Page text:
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Plumbing tips for homebuilders

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Putting the right plumbing design into a new home is a tricky thing. It may seem like an easy job, but there are always guidelines and regulations to consider. There are also plenty of benefits far beyond the convenience of a well-designed room.

If you’re an architect and your work includes plumbing, here are some useful tips that will help you achieve the best result.

Always check regulations with relevant building authorities

Plumbing is an art that requires careful consideration and planning. It must match up to relevant local, national, and even international standards, such as those in the International Plumbing Code. There are codes that will dictate how many units are attached to a specific fixture, for example. Other building codes address issues such as ventilation and drainage, pipe diameter, and storm water removal. So make sure you know your local building code regulations. These will likely differ from state to state, and even the most knowledgeable architect or plumber can be caught out by recent changes and updates to regulations.

Building authorities often also require pre-approval of draft designs before any plumbing work can begin. A thorough planning process will ensure that nothing is missed or drawn up incorrectly.

Choose the most efficient plumbing design

Your plumbing design should be practical, cost-effective, and efficient. You want to minimize the materials required and keep all pipework and plumbing systems in a reasonably central location. The water heater, e.g., should be close to the bathroom and kitchen, areas that use the most hot water. Less copper piping is therefore required, and less heat will be lost as hot water travels throughout the house. It is also recommended to simplify the number of wet walls and plumbing stacks. So, create a design where a bathroom and kitchen, or even laundry, will share one common wet wall. In a multi-story house, design the layout so a second-floor bathroom is located directly above a ground-floor bathroom. That way each wet area can share the same drain, waste, and vent system, as per local guidelines. It also simplifies future plumbing repairs as the tradesperson can easily access localized pipework.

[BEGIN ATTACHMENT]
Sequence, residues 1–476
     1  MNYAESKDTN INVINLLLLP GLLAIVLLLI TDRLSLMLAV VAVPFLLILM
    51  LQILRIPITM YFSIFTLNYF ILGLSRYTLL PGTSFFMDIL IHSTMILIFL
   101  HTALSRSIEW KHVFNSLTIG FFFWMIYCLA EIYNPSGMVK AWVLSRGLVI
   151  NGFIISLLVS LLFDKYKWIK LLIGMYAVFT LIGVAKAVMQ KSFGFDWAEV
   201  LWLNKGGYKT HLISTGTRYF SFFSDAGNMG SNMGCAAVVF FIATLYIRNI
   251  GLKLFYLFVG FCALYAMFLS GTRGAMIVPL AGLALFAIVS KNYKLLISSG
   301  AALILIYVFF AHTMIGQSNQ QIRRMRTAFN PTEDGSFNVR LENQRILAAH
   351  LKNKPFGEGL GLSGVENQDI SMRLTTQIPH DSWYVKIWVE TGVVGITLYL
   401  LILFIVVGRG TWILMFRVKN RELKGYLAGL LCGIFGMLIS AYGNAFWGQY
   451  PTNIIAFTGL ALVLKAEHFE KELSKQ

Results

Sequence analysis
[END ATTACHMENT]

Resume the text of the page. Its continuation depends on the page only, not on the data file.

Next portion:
How important is design?

You will find many styles where exposed pipes and fixtures suit perfectly. It could be exposed faucet pipes in a farmhouse-style kitchen or bathroom or creative pipework as a feature piece in a modern loft. These choices will inevitably influence associated fixtures. A copper sink can be tied together with exposed copper piping, for example. Alternatively, any recessed cabinets, hot water boilers, or shelves will need to be designed around plumbing within the walls. As will the design elements of installing a new toilet with a concealed cistern.

 

Yes, size matters!

Whether you have long-lasting plumbing depends on correctly sized materials. A sewage system that’s too narrow will frequently block, while large hot water pipes will lower heat transfer efficiency. Local jurisdictions will have their set plumbing code for you to follow, so in reality, you should know precisely what you’re working with. These codes will clarify things like the need for a 1 ½ inch pipe for a washing machine or the drain size for a system with multiple toilets. At the Pipe Doctor, we are familiar with all the local regulations and can help you order the right materials.

Save water if you can!

There are plenty of possibilities when it comes to reducing water wastage through irrigation and recycled water. One simple solution, for example, is reusing rainwater and stormwater for flushing toilets. Commonly referred to as greywater, water that comes out of a washing machine, bathroom sink, or shower can be reused in the home if appropriately treated. Greywater treatment systems can be installed in a home for as little as $1,000 or close to $20,000 for a more advanced unit. Treatment systems filter out harmful bacteria and chemicals so that your recycled water is perfect for gardening or flushing a toilet. If treated thoroughly, greywater is also safe for drinking.

Blackwater, which is water from the toilet or even the kitchen sink, should never be reused. It has come into contact with more severe contaminants, and a home-based greywater system does not have the necessary capabilities to make black water potable.

Additionally, also look at the best way to incorporate a rainwater system into your home’s design. Key elements include the placement of a rainwater tank and a well-designed stormwater system.

The Pipe Doctor is happy to give you give you any plumbing related advice while you’re in the process of building your dream home. 

call: 508-775-6670

or email: cmurphy@plumberscapecod.com

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